The Town of Osceola dominated the headlines this past week as it wrestled with the best way to provide fire protection to its citizens. The Town has struggled to respond to emergency service calls and the Penn Township Fire Department has stepped forward to fill that need. The issue came to a head as Penn Township protested about not getting paid to provide such a service.
The story is just the latest example of the struggles of local governments as they react to shrinking revenues and the fiscal impact that the full implementation of property tax caps will cause when it goes into effect in 2020. The rest of Indiana has already made this adjustment, Lake and St. Joseph Counties will be the last to make the change.
The Indiana General Assembly passed the tax caps into law in 2008. The caps were set at one percent of the assed value for residential property, two percent for rentals or agricultural land, and three percent for commercial property. Those caps were placed in the State Constitution in 2010 when seventy one percent of Indiana Voters voted in support. At the same time, a one percent sales tax increase was passed to help lessen impacts.
Experts predicted the tax caps would save the taxpayers/cost local government around the State about $500 million. Most local governments believe that number was low and in St. Joseph County, tax payer savings is approaching seventy million dollars annually among all taxing units.
In an effort to keep up with the rising demand for services and the increased costs associated with delivering those services, we’ve seen local governments begin to make major changes in how they do business.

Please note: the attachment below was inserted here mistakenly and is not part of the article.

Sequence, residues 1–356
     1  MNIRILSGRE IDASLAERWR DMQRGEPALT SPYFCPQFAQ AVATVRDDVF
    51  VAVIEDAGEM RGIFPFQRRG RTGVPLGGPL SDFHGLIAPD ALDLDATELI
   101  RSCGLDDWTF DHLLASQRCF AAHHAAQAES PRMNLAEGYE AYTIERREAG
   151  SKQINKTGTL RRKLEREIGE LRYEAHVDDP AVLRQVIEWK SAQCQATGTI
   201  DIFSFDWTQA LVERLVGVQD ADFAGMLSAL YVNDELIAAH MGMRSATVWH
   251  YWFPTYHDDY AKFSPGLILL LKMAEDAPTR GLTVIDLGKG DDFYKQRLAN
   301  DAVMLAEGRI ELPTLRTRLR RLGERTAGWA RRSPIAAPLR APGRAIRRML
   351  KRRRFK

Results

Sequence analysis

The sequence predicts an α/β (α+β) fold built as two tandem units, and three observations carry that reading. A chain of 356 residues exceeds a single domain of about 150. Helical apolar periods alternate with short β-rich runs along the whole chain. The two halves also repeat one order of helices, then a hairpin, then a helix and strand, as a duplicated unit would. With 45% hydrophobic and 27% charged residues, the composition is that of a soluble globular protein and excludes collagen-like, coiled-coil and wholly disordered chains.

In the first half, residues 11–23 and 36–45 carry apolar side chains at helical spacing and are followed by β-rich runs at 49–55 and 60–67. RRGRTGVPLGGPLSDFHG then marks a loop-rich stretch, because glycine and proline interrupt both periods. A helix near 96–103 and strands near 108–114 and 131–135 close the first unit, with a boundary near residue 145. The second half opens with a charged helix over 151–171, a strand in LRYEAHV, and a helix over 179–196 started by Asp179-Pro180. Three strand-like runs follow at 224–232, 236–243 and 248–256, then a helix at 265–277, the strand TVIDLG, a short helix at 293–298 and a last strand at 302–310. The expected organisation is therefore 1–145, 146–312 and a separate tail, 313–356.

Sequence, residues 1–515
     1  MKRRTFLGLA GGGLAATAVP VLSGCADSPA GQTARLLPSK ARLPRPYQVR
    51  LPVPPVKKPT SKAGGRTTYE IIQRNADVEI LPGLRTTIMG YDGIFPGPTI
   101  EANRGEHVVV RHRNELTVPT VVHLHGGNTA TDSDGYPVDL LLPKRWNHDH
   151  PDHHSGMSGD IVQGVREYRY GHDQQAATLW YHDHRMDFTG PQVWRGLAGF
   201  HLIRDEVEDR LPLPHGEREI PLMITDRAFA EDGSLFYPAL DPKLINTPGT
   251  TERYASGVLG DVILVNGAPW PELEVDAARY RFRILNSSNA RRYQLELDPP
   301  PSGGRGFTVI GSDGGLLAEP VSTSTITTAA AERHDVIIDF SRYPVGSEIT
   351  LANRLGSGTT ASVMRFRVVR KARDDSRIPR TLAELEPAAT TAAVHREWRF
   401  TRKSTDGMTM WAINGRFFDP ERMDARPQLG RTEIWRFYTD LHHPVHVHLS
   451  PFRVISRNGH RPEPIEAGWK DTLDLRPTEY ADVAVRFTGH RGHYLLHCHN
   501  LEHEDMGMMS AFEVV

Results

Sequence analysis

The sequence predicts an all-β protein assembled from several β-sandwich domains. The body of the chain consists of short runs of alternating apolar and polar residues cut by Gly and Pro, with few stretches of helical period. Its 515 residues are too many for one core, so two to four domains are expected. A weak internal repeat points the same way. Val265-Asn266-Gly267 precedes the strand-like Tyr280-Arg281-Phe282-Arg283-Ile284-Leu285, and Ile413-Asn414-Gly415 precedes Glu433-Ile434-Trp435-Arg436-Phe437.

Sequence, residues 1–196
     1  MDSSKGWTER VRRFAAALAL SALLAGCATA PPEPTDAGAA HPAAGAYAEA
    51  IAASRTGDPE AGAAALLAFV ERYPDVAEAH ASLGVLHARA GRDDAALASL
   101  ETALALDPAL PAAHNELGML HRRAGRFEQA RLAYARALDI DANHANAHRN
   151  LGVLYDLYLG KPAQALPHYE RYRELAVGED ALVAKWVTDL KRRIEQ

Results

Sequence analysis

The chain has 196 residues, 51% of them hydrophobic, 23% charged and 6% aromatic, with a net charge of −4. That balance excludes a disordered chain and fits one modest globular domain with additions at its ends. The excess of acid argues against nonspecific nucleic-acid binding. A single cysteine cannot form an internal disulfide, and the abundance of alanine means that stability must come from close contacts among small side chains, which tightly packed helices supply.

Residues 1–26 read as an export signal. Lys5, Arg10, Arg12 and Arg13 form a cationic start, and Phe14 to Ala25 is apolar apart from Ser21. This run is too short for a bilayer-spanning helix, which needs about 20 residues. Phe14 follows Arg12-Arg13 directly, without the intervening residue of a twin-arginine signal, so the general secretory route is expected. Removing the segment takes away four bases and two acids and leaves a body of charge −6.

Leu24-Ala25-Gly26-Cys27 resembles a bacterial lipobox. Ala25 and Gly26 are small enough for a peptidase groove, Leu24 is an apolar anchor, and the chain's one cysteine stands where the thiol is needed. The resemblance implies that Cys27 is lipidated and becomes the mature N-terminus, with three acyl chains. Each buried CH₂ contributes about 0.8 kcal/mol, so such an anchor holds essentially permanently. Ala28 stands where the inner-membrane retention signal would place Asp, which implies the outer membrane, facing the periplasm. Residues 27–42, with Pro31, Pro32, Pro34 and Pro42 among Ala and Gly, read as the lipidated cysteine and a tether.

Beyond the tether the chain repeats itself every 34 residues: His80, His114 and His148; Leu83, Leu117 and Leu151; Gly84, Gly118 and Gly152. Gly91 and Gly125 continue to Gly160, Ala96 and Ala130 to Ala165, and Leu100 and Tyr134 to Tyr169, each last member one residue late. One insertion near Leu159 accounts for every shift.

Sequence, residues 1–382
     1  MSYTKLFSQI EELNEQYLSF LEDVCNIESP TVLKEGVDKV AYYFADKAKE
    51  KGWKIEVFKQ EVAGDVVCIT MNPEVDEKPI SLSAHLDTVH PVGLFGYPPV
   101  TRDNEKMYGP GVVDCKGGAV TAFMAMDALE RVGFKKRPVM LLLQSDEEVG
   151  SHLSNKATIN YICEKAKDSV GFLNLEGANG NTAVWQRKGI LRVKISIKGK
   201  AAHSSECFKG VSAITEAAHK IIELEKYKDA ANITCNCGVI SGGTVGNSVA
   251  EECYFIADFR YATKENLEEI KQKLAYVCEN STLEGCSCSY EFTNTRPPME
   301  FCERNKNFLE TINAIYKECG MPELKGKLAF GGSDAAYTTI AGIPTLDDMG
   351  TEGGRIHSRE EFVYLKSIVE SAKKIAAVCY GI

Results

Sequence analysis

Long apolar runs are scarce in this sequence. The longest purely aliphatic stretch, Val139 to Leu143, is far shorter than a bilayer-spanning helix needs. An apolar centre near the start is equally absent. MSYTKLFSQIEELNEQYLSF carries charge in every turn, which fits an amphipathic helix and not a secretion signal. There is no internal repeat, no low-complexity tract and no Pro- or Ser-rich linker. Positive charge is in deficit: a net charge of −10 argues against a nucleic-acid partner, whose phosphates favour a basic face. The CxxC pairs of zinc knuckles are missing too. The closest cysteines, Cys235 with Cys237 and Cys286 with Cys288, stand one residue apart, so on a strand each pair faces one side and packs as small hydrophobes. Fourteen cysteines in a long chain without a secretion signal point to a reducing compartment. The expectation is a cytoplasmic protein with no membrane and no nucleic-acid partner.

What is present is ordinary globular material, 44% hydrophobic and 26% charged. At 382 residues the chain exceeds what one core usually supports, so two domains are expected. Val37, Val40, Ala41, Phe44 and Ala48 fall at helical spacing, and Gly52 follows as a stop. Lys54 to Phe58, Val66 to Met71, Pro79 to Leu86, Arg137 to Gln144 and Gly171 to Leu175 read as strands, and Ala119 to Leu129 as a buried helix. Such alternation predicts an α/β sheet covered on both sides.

The closing of a public pool, the sale of city owned golf courses, the changing of bus routes, the consolidation of the 911 center, the limiting of where people can pay their taxes, the hours at the libraries, or across the board budget cuts are just some of the steps we’ve seen to date. Most of those actions have been unpopular to a vocal public that supported tax caps.
To date, the public safety units have largely been spared from the cutting board but the Osceola situation scratches the surface of an issue we’ll hear a lot more about in the years to come. In St. Joseph County, we have at least twelve different fire departments that cover various parts of the geography.
They may soon find like Osceola that the tax rate simply won’t support the
level of service that residents have come to expect.
Consolidation of any services is a difficult conversation. Each jurisdiction wants to be in control of its own destiny and wants to determine the level of service it believes is appropriate. Are taxpayers willing to pay for that will be the key question?
So what’s next? The news could be dominated in the years to come by the threats of closings or the elimination of services and reductions in staff. That won’t help efforts in our region to attract new people, new jobs, and new investment. In fact it could really hamper those efforts.
Or we could begin working outside of the silo’s and collectively across political boundaries and across party lines towards potential solutions. It’s time for a countywide plan, that includes each of the cities, towns and townships, for how critical services like fire and police protection, road maintenance, general government operations, recreation services and other quality of life improvements will be delivered and paid for. The business community stands ready to offer its experience and expertise to preparing that plan.